Carol Mashembo has written an article for the Family Law week website in conjunction with Dr David Pitcher, CAFCASS titled ‘Consent Orders: Triumph or Disaster? The article follows a hugely successful multi-disciplinary seminar which gathered professionals involved in all aspects of family proceedings to share ideas and experiences of the issue of consent in private law proceedings and to inform future best practice.

The article can be downloaded from  http://www.familylawweek.co.uk/site.aspx?i=ed192142

The Rise of Private Financial Dispute Resolution Hearings

Paul Waterworth

Retired District Judge, Associate at Magdalen Chambers, Exeter and Member of their Financial Resolution Consultancy

In his final announcement, the recently retired President of the Family Division of the High Court, Sir James Munby, referred to a development which is playing an increasingly significant role in financial disputes in family cases. This is the increase in the use and effectiveness of the process known either as early neutral evaluation or private financial dispute resolution hearings (private FDR’s). For the purposes of this piece, the latter description is used.

What is a private FDR?

Sir James said:

‘A private FDR is a simple concept. The parties pay for a financial remedy specialist to act as a private FDR judge. That person may be a solicitor, barrister or retired judge. The private FDR takes place at a time convenient to the parties, usually in solicitors’ offices or barristers’ chambers, and a full day is normally set aside to maximise the prospects of settlement. It usually replaces the in-court FDR.’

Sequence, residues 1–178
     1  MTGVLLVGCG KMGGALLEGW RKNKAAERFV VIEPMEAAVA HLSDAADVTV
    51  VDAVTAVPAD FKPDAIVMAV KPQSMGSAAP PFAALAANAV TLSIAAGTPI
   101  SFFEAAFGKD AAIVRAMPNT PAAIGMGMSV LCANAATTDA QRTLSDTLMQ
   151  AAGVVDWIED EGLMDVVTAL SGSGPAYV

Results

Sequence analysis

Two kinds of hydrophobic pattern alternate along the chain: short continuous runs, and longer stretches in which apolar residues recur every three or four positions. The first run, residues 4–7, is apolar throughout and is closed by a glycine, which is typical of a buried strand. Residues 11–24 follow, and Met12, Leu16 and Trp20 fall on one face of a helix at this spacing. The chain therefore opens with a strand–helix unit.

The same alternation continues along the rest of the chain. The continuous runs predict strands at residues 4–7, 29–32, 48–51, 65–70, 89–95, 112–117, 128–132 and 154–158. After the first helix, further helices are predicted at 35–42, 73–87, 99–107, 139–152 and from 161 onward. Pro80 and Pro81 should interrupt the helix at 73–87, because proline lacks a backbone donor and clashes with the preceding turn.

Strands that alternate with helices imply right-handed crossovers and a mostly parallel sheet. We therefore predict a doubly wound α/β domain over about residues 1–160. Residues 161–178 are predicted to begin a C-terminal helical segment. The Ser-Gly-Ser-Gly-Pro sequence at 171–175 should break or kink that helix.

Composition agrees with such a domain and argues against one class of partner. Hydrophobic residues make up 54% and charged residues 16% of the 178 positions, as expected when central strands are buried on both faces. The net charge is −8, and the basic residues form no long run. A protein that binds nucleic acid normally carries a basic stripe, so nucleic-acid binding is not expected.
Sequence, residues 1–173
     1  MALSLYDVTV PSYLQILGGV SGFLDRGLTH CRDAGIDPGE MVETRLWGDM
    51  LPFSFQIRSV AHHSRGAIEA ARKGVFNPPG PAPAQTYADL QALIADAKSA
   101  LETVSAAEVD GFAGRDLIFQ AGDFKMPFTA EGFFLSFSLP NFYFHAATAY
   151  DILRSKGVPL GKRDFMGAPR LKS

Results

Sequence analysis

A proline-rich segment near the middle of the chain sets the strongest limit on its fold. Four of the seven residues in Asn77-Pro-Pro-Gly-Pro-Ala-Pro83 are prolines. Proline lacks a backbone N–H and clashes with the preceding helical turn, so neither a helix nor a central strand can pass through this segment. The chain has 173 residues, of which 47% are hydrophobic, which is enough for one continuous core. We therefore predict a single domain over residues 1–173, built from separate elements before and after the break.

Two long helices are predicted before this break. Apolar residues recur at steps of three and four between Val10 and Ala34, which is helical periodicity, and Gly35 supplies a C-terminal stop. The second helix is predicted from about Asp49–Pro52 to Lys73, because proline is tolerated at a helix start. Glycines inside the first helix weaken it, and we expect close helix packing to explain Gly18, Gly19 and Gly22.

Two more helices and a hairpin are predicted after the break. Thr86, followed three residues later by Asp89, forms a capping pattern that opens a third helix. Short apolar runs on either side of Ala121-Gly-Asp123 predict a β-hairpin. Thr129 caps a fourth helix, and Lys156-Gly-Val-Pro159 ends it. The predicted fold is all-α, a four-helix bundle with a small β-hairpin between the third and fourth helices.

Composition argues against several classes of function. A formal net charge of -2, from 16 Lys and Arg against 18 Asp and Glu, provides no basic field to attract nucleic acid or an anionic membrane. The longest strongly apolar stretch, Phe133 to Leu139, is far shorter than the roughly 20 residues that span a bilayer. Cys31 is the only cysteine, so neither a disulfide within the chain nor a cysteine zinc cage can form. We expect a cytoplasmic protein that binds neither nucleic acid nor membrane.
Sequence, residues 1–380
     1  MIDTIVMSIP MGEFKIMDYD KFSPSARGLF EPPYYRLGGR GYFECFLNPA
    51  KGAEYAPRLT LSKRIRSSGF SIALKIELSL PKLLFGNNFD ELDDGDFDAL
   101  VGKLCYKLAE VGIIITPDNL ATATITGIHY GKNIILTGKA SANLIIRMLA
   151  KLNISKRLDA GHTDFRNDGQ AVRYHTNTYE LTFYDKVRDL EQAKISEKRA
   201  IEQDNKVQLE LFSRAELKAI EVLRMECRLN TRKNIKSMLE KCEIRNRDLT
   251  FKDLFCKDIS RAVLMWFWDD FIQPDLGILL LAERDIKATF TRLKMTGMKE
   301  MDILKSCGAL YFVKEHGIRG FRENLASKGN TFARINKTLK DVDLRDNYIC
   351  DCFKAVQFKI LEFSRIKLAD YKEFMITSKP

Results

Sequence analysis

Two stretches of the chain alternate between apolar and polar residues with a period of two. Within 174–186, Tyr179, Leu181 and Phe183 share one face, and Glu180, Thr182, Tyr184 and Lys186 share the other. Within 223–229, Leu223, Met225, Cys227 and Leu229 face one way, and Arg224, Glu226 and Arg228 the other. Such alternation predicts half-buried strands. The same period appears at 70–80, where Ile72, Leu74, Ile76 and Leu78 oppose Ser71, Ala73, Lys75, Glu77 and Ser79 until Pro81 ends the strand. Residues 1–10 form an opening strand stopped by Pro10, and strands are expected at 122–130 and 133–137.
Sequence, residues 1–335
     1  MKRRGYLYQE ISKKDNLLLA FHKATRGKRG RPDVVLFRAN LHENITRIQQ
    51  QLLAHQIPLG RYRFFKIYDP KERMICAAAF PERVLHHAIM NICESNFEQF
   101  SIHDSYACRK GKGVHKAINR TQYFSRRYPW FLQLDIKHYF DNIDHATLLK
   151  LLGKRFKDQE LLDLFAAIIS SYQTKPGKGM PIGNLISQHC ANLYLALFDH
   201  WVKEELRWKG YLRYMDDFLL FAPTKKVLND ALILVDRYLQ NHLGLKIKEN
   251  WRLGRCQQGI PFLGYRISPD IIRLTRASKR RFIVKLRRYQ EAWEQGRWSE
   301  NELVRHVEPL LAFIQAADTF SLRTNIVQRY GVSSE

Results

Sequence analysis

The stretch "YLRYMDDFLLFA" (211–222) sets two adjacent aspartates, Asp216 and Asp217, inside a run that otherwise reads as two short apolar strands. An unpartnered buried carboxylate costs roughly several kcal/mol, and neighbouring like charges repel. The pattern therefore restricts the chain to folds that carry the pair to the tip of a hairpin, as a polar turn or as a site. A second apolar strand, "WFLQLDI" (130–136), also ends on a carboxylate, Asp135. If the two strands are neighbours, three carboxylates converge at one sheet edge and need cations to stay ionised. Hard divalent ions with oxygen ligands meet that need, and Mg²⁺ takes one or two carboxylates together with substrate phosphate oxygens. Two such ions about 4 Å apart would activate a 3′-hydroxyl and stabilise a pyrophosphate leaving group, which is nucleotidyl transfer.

The timing of a private FDR

The President continued his remarks by mentioning the inter-relationship between the formal court process and a private FDR:

‘Usually, where the parties have agreed to a private FDR, the order made at the first appointment will record such an agreement in the recital, and will provide for a short directions hearing shortly after the date of the private FDR. The directions hearing can be vacated if agreed minutes are submitted following a successful FDR. If it has been unsuccessful then directions for the final hearing can be given. An alternative is for the case to be adjourned generally while the private FDR takes place.’

As a rider to the comments by Sir James, it should be noted that a private FDR can take place at any time during the court process or even, if the parties agree, before an application is issued. There will usually be little difficulty obtaining from the court, an (often temporary) adjournment of the court process to enable the private FDR to be held.